“Your business card is often a potential customer’s first contact with your company; you want to engage with them as well as encourage them to find out more about you and what you do. One of the best ways to do this, is with a well-designed, simple to understand card. Follow the tips below to create distinctive, professional business cards that packs a punch!
Who, What, Where, Why?
It may sound obvious, but the first (and most important!) thing to consider when designing your business card is the information you want to convey. Make sure your name, job title and company name or logo are clearly displayed. Think carefully about which contact details to include – you need to strike a balance between providing enough points of contact, without making your card look cluttered. From our experience, your website, email address and phone number are essential. Many businesses no longer include an address on their business cards, so if you’re struggling for space, you may want to remove this from your design.
Make it Readable
If you’ve got a lot of information to display, you may be tempted to shrink the size of your text. Beware – small text can often look readable onscreen, but turn into an illegible smudge when printed. As a general rule of thumb, don’t go smaller than 8pt. Also, don’t forget about the font itself: keep it professional and simple – don’t be tempted
Colorful or Plain?
Bright colors – when used correctly – can make a business card stand out, and look distinctive. This tactic is often used by design and creative businesses, with the aim of appearing fresh, exciting and original. However, don’t underestimate the power of simplicity. A plain black and white design can be as memorable and striking as a colorful card – and can often be seen as more ‘stylish’ too.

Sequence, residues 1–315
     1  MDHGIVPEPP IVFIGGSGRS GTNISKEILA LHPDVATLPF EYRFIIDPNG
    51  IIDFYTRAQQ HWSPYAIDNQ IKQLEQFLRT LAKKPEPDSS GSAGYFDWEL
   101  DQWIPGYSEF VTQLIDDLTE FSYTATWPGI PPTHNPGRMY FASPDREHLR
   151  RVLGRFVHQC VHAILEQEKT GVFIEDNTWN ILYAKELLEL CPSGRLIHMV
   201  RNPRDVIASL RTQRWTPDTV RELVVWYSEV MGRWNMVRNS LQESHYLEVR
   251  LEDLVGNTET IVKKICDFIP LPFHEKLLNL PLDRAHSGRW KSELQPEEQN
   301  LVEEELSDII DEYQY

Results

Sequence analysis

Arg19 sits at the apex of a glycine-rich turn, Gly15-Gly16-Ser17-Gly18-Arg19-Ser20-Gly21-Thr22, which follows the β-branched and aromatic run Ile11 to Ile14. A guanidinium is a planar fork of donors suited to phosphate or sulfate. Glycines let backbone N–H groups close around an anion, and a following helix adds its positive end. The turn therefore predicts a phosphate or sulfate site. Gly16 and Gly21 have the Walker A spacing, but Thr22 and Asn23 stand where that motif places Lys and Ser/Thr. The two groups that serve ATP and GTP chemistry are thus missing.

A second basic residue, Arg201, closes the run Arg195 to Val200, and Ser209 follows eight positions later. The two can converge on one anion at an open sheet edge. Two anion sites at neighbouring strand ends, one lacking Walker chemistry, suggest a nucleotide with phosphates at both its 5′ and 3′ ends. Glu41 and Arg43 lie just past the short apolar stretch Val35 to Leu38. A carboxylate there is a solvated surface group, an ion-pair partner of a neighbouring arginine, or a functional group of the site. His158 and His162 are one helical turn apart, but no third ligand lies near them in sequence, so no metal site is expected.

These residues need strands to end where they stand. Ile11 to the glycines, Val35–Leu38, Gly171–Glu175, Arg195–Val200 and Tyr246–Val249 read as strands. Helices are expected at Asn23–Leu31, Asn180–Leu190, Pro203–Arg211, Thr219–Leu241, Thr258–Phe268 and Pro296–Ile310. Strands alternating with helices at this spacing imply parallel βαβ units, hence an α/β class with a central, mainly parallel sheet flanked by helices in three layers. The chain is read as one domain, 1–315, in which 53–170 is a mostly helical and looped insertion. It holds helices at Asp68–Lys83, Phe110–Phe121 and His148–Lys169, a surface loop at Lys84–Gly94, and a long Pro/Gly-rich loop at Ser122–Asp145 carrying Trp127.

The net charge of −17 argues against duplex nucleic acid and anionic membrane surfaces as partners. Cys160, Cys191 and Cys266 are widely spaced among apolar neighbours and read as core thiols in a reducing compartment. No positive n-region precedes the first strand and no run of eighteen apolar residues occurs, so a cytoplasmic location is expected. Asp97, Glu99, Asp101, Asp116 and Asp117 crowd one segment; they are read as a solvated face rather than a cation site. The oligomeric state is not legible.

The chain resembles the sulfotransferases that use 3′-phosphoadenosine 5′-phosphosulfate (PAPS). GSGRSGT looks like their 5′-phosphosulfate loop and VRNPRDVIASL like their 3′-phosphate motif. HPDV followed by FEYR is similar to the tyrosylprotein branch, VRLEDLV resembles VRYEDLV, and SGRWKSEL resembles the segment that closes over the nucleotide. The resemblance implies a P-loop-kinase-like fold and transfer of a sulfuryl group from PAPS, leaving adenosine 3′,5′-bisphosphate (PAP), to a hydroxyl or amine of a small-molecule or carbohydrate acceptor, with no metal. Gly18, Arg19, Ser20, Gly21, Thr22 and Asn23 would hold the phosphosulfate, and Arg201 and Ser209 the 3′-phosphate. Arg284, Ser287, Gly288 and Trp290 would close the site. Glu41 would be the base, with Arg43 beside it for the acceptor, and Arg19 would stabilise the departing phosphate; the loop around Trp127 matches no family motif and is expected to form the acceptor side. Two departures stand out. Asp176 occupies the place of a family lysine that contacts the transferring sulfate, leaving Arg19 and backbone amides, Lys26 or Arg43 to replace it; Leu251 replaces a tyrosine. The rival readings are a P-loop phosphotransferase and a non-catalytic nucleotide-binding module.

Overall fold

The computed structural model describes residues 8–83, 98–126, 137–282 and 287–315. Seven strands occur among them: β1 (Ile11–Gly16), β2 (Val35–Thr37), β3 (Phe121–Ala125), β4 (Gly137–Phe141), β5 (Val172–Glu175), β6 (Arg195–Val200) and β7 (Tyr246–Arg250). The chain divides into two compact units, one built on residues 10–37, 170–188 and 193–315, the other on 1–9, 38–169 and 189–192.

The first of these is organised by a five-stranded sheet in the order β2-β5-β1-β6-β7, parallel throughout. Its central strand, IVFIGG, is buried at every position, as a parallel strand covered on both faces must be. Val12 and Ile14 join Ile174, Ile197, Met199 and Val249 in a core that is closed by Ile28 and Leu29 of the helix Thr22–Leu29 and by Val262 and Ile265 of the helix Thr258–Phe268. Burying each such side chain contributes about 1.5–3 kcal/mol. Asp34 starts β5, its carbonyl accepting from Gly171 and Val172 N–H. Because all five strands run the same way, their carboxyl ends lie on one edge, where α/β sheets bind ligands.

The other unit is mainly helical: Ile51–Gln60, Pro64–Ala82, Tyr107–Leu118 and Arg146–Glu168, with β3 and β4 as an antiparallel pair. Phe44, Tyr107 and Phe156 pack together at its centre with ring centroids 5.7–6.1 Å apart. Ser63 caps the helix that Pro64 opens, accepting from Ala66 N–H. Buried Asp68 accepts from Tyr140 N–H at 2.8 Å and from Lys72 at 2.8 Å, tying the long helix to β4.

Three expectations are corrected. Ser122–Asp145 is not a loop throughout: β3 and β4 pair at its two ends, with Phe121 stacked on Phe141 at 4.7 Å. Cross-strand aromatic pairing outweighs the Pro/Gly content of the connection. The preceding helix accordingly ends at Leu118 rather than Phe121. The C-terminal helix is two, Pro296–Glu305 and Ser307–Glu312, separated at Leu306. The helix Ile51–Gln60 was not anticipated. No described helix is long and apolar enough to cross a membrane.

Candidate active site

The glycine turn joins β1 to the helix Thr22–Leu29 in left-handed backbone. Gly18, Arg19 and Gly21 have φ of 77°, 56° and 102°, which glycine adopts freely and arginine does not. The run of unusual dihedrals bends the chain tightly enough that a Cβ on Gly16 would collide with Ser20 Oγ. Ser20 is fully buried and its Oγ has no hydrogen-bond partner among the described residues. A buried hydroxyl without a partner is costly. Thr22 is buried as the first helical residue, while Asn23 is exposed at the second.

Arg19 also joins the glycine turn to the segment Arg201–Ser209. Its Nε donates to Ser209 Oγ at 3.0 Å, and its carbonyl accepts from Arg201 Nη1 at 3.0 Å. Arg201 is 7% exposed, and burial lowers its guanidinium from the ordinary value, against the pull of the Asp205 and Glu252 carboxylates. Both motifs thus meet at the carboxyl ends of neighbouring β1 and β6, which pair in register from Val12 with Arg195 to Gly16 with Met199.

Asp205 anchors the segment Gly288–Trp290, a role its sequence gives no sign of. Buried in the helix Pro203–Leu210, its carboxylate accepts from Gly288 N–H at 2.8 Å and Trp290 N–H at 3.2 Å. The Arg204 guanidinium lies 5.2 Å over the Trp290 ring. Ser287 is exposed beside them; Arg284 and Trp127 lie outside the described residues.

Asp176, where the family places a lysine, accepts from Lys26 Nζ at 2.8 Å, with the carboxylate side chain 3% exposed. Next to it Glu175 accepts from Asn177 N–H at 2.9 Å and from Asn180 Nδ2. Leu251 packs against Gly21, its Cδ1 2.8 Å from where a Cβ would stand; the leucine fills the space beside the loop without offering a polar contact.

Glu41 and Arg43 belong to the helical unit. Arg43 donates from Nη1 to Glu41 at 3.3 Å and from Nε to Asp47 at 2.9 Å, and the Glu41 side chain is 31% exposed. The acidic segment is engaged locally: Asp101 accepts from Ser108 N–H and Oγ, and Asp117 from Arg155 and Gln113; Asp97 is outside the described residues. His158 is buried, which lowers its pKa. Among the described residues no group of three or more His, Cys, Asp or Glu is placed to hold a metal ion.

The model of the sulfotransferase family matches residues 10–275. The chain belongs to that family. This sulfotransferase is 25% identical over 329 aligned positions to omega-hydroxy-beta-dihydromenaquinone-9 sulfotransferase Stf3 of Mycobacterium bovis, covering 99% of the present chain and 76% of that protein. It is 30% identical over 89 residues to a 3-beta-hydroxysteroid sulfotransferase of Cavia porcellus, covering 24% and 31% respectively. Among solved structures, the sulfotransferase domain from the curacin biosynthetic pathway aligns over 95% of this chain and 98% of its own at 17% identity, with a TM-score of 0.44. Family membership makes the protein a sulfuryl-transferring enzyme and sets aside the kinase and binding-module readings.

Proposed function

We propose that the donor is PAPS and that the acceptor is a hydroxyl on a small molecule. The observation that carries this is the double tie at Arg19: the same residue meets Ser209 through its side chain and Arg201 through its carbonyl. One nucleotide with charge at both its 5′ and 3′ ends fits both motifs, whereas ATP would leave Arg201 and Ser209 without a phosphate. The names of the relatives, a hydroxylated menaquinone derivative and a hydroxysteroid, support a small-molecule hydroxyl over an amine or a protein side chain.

If you’re concerned about a black and white card looking dull, try embossing the words. Embossing creates a raised, 3D effect, which adds elegance and style to a business card.
Embossing also makes the card more tactile. Research has shown that engaging more than one sense at a time can improve recall of an object, so people would be more likely to remember your business.
It’s wise to keep your business cards in line with the rest of your company’s branding. If you have company colors, use them. Of course, if you don’t have any particular color scheme to work with, you’ll have free reign on your cards. But, be careful to choose complementary colors – clashing colors can look tacky and unprofessional on a business card. If in doubt, use an online color matching tool.
Pictures speak louder than words. This is true for business cards. While you need to have written content on one side of the card, think about saving the other for something more visual. Perhaps you could use the space to display an image of your product, or something related to your business. Or, put your company logo on the back of the card. Whatever you do, don’t leave it blank – it’s often claimed that people don’t look at the back of business cards, but that’s simply not true. Just think about how many times you’ve been given a card, and flipped it over to check…”
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